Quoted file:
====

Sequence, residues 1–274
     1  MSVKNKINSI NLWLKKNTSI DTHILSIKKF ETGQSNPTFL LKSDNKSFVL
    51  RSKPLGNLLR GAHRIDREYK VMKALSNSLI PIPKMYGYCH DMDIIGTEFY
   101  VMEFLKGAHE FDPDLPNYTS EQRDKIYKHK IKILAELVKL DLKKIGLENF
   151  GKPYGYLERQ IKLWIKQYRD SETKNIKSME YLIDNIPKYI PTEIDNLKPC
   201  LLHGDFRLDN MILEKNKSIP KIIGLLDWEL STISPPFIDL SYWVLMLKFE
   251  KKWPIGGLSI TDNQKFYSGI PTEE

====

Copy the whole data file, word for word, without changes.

Sequence, residues 1–274
     1  MSVKNKINSI NLWLKKNTSI DTHILSIKKF ETGQSNPTFL LKSDNKSFVL
    51  RSKPLGNLLR GAHRIDREYK VMKALSNSLI PIPKMYGYCH DMDIIGTEFY
   101  VMEFLKGAHE FDPDLPNYTS EQRDKIYKHK IKILAELVKL DLKKIGLENF
   151  GKPYGYLERQ IKLWIKQYRD SETKNIKSME YLIDNIPKYI PTEIDNLKPC
   201  LLHGDFRLDN MILEKNKSIP KIIGLLDWEL STISPPFIDL SYWVLMLKFE
   251  KKWPIGGLSI TDNQKFYSGI PTEE